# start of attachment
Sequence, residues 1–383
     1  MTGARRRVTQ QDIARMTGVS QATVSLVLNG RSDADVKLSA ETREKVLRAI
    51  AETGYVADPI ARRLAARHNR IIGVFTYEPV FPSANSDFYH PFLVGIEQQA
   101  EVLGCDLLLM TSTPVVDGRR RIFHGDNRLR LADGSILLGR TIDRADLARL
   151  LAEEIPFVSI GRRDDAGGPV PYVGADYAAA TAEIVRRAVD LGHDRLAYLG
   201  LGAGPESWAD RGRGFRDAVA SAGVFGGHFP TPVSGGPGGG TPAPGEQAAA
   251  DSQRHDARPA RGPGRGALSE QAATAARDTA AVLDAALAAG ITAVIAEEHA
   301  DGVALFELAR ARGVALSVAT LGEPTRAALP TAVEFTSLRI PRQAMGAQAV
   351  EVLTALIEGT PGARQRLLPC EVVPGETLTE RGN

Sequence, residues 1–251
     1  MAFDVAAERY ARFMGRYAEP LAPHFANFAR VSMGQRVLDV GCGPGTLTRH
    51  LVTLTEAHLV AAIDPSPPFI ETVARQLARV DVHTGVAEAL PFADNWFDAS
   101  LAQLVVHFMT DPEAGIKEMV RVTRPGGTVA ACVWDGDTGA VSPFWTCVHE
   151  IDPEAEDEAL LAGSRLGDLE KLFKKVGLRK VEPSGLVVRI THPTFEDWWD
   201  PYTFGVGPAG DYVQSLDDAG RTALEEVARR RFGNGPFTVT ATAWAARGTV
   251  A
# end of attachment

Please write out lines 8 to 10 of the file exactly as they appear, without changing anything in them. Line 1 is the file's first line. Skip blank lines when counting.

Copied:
   301  DGVALFELAR ARGVALSVAT LGEPTRAALP TAVEFTSLRI PRQAMGAQAV
   351  EVLTALIEGT PGARQRLLPC EVVPGETLTE RGN

Sequence, residues 1–251